——————————————

Frank Lincoln Brown was born in Rugby in 1894, the youngest son of Edward, and Sarah Emily (nee Barge). Edward was an assurance agent born in Priors Marston and Sarah was from Wales. They married in Rugby in 1889.

In 1891 they lived at 2 Princess Street and in 1901, when Frank was aged 6, at 3 Newbold Road.

By 1911 Frank was aged 16 he was working as a machinist in a meter factory. The family lived at 33 Stephen Street, Rugby.

Towards the start of the war, Frank Lincoln Brown enlisted at Rugby and joined the 5th Bn. Oxford and Bucks Light Infantry (No. 10444)

He served in France and Flanders from the 20th May 1915. On the 3rd May 1917 the 14th Division, which contained the 5th Ox & Bucks, formed the left flank of the great British offensive at Vis-En-Artois. The attack took place over a twelve-mile front east of Arras with the Ox & Bucks attacking the enemy position at Hillside Work.

The attack commenced at 3.45am in the face of very heavy machine gun and rifle fire. The 5th Ox & Bucks were temporarily held up by an undiscovered enemy trench, which although they were eventually able to capture, they did so with heavy casualties. This obliged them to cease any further advance. At 11am the Germans launched determined counter attack ultimately driving the British back to their original positions.

The action cost the Ox & Bucks 19 men killed, 113 missing and 153 wounded.

Frank was killed in this action, almost two years after arriving in the trenches, on the 3rd May 1917, aged 23, he has no known grave and is today remembered on the Arras Memorial.

There was an announcement in the June 1917 issue of The Pioneer, the Baptist Church magazine that he had been missing for nearly a month. Frank Brown is listed on the Memorial Plaque in Rugby Baptist Church, which reads:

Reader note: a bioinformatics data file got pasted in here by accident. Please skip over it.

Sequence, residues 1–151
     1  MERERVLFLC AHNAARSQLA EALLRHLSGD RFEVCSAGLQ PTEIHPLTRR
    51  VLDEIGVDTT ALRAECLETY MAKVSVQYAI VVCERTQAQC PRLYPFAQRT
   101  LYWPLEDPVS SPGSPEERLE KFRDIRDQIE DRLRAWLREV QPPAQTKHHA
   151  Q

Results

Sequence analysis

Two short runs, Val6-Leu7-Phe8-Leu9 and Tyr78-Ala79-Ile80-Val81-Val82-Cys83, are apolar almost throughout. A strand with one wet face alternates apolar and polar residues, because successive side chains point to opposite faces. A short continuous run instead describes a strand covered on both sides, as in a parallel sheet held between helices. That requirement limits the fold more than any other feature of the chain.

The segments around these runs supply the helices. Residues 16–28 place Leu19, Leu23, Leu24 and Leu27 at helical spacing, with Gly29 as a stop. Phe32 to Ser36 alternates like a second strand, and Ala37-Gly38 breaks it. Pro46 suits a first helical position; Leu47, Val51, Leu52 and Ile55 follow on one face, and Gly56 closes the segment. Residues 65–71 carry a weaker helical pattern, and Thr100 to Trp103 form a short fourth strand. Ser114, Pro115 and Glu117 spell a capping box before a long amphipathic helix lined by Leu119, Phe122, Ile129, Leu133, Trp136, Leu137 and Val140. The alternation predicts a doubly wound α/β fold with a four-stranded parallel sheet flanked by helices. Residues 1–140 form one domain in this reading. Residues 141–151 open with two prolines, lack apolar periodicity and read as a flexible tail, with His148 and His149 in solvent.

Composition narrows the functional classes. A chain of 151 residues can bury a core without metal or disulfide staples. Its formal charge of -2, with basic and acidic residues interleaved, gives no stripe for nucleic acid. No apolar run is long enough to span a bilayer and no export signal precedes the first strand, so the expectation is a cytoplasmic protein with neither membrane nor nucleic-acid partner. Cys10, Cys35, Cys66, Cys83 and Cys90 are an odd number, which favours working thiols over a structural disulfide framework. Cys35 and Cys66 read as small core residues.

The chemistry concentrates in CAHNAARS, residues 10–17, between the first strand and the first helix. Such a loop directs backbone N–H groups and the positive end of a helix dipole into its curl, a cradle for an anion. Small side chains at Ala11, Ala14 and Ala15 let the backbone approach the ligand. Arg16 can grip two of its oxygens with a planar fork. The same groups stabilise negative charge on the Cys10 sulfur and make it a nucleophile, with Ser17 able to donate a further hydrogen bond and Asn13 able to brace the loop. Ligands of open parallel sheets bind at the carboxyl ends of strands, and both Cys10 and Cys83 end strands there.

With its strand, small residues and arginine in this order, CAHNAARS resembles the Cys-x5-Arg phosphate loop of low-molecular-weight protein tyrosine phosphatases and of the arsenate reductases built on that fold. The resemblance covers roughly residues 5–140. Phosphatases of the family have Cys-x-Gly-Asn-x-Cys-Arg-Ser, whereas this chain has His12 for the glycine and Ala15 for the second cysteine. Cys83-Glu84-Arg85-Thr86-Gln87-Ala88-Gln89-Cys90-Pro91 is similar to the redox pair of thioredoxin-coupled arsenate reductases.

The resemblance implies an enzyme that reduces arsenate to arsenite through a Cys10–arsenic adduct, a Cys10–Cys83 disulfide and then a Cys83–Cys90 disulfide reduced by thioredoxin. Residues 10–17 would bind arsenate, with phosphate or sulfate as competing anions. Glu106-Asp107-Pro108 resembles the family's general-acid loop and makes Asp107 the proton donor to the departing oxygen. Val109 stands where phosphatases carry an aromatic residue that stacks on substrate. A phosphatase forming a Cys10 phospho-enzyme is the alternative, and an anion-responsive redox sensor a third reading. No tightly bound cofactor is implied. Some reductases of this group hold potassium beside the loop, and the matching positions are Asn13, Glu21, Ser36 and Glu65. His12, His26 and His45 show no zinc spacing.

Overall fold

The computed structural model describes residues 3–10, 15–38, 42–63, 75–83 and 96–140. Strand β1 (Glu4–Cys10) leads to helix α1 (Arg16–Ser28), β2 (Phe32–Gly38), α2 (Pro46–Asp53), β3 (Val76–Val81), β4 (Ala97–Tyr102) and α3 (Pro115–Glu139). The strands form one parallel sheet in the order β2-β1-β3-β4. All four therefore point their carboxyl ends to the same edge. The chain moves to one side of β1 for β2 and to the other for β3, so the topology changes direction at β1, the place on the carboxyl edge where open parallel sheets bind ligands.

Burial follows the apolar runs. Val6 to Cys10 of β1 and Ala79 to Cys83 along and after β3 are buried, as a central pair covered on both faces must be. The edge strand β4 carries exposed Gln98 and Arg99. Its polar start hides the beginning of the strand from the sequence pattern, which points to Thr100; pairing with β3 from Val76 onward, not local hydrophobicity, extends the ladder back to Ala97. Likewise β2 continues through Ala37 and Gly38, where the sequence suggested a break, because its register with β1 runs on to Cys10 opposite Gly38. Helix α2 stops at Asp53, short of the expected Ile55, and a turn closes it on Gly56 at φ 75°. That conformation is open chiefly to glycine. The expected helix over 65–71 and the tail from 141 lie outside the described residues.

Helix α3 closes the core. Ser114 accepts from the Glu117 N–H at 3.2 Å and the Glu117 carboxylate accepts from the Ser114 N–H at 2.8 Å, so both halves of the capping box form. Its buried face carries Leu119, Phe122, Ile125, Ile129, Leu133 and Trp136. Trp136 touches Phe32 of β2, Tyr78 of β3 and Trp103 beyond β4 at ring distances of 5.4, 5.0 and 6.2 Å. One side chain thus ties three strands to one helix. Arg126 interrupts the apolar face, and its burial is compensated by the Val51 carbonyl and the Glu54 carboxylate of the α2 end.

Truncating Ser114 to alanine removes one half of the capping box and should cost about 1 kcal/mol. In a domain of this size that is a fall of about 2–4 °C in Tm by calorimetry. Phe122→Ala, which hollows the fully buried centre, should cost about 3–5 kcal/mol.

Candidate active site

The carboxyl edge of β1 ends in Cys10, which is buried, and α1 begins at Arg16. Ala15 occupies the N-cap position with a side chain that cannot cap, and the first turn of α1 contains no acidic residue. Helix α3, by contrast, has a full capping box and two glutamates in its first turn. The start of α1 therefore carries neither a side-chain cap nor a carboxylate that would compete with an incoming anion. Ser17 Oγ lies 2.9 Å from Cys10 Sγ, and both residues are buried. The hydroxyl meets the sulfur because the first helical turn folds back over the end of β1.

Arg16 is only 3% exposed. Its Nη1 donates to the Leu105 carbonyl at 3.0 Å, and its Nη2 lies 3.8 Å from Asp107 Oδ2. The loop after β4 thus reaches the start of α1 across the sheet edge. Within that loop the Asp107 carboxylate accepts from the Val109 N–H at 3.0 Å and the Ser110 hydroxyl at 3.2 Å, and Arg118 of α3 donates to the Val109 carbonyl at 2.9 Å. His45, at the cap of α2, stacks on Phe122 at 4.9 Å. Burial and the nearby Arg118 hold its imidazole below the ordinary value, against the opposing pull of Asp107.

This tablet and the organ in the Church are erected to the memory of those members of this Church who laid down their lives in the Great War 1914 – 1918, whose names are given herewith also as an act of thanksgiving for the safe return of the many others from this Church who served in the war.

On waters deep in the treacherous
On rock bound heights and burning
They poured the offering of their blood
They kept the honour of the land.
A.W. Leeson      

Corporal Frank Lincoln Brown was entitled to the 1914/15 Star, BWM and the Victory Medal.

Sarah Emily Brown died in 1921, she was joined by her husband Edward in 1935.

 

RUGBY REMEMBERS HIM

 

With thanks to Kevin Pargeter, who brought this man to our notice and provided the information.

Minchin, George Victor. Died 4th Sep 1918

This biography of George Victor Michin should have been published in September 2018.  However, some confusion with an older George Minchin, also in the Royal Warwickshire Regiment, who was killed on 3 September 1916, meant that the main CWGC search listing gave George Victor Minchin the same date of death in 1916, when he would have been only 16!  However, the background documents on the CWGC site, and later announcements in the local press, confirmed George Victor’s date of death as 3 or more probably 4 September 1918.

– – – – –

George Victor MINCHIN was born in Aston, Birmingham in about 1900.  His birth was registered in Q1, 1900 in Aston.  

He was the youngest son of Henry John Minchin [b.c.1862 in Bristol] and Mary Ann, née Allen, Minchin [b.c.1861, also in Bristol].  They had married on 10 September 1883, at St Paul’s church, Portland Square, Bristol.

In 1891, the family were still in Bristol, living at 3 Campbell Street, Bristol.  They now had three sons of 6, 4 and 2 years old.  Henry Minchin was a ‘tailor’.

In 1901, the family had moved to 5 Beatrice Terrace in Bristol.  Henry Minchin was now a ‘tailor journeyman’, and there were three more children: two girls and, the youngest by some years, a boy, George Victor Minchin, who was one year old.  However, it seems that the family may have been in the process of moving, following Henry’s period as a ‘Journeyman’, as George, who was born a year or so earlier, was registered not in Bristol but in Aston, Birmingham.

However, by 1911, the family was living in Birmingham, at 186 Nechells Park Road.  George was at school.  When he left school, and before the war and being old enough to join up, George worked for a period as a waiter in a Harrogate Hotel.[1]

At some date after 1911, the family had moved to Rugby – indeed George joined up there[2] in early 1917 – and in 1918, the family were at 10 Market Street, Rugby.  They were still there in 1939.

A later report[3] stated that George joined the army in January 1917, and his CWGC record and Medal Card shows that he served, at least latterly, as a Private, No.36285 with the 2nd/6th Battalion (Bn.) of the Royal Warwickshire Regiment (R.W.R.).  The date when George went to France is not given on his Medal Card, but his date of birth and the fact that he did not receive the 1915 Star, supports a date of enlistment in January 1917.